‘Switching Hats’: Developing International Practice Guidance for Single-Neutral Med-Arb, Arb-Med, and Arb-Med-Arb

The IMI/CCA/Strauss Institute Mixed Mode Taskforce have just published a series of articles on mixed mode dispute resolution in the New York Dispute Resolution Lawyer. These articles are reprinted with permission. The below article was produced by Working Group 5, and authored by Thomas J. Stipanowich and Mordehai (Moti) Mironi.

Suppose you are the sole arbitrator in a commercial dispute. While hearings are in progress counsel for the parties come to you and explain that circumstances have changed and both parties need a quick and informal resolution of their dispute; they ask you, in whom they have great faith, to assume the role of mediator. Would you agree to “switch hats,” and, if so, under what conditions? How dispute resolution professionals, commercial advocates and counsel, and business parties respond to these questions varies depending on circumstances, personal preferences, culture and legal tradition. While in China and some other countries mixed roles are broadly accepted, in countries like the U.S. lawyers, arbitrators and mediators tend to be skeptical about a neutral changing roles during the course of resolving disputes. Some other countries have statutes regulating or even prohibiting single-neutral “med-arb.”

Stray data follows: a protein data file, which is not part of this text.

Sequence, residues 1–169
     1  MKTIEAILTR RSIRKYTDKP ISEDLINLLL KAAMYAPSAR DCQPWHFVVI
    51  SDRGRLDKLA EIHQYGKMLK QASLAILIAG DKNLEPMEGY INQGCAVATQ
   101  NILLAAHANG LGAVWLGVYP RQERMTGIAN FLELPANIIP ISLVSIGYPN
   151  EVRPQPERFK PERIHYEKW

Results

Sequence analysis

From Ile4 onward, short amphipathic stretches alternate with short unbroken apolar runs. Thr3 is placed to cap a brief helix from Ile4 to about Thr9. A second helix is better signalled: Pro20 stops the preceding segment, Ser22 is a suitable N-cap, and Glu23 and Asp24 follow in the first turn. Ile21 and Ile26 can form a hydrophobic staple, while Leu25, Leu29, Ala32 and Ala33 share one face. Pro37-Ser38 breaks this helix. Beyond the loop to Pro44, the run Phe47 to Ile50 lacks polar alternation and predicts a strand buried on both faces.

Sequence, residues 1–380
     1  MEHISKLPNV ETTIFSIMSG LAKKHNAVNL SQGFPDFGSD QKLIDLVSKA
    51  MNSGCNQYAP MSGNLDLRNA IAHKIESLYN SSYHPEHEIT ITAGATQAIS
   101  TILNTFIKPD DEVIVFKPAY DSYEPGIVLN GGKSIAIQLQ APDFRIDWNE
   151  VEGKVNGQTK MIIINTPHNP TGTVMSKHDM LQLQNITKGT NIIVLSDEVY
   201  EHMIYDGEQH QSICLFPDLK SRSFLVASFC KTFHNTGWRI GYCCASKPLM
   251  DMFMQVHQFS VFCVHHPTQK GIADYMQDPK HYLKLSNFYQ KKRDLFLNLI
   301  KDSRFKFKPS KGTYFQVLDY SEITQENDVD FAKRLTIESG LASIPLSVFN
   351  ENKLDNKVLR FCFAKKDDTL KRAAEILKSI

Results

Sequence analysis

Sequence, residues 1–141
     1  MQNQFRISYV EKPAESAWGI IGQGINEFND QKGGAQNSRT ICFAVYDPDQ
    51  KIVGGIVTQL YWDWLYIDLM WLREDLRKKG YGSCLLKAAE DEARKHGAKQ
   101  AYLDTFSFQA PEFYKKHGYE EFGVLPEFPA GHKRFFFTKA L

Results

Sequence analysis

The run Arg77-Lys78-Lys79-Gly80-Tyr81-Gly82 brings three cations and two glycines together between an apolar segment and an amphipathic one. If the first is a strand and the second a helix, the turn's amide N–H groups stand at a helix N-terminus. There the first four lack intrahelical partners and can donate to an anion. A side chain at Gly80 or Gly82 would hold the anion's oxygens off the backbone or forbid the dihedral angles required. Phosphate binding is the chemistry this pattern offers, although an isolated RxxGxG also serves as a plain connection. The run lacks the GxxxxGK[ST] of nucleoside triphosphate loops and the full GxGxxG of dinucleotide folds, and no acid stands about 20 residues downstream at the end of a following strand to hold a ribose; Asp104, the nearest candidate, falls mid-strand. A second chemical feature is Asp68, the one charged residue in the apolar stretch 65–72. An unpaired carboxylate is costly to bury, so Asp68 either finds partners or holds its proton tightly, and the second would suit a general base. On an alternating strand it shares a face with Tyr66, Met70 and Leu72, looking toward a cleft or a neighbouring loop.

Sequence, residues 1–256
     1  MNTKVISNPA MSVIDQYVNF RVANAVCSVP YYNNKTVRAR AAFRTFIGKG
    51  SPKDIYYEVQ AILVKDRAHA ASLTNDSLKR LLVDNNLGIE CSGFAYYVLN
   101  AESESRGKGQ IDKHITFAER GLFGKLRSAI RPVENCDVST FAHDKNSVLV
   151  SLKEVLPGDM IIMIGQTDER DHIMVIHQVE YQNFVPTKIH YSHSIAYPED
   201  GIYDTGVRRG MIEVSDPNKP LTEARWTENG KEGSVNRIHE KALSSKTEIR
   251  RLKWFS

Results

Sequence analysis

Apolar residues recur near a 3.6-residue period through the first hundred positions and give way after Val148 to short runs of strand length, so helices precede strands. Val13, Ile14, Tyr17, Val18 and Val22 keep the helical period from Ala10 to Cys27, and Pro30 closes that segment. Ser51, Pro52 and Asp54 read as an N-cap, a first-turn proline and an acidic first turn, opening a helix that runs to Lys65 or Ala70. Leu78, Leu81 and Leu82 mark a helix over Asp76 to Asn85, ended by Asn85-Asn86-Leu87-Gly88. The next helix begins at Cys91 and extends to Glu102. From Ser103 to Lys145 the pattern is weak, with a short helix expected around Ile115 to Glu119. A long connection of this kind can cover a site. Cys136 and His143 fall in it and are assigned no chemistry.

Given the growing use of “mixed mode” approaches in which both settlement-oriented and adjudicative approaches are employed and the expanding competencies of arbitrators and mediators, it is not surprising that a high percentage of dispute resolution professionals now have some experience playing multiple roles in the course of resolving disputes. Despite these realities, no authoritative, comprehensive, widely accepted guidance regarding med-arb, arb-med, or settlement-oriented activities by arbitrators has yet been developed for international practice. In order to bridge this gap, a working group of the International Task Force on Mixed Mode Dispute Resolution set itself the task of creating new Practice Guidelines for Situations in Which a Mediator Changes Roles to Function as an Arbitrator, or an Arbitrator Performs the Functions of a Mediator (Single–Neutral Med-Arb, ArbMed, and Arb-Med-Arb) or Engages in Settlement-Oriented Activities.1

Concerns Regarding Mixed Roles

Much has been written about the potential problems associated with a neutral changing roles midstream. It is often said that due to the fundamental incompatibility of the roles of arbitrator and mediator, performing both roles in turn may work to the detriment of each—most notably in scenarios where a neutral switches to the role of arbitrator after attempting to mediate. Being aware that their mediator may become a binding decision-maker, parties may be substantially less candid during settlement discussions, and instead concentrate on trying to “spin” the neutral or look for hints about how she might judge their case. If a mediator offers—or is perceived to offe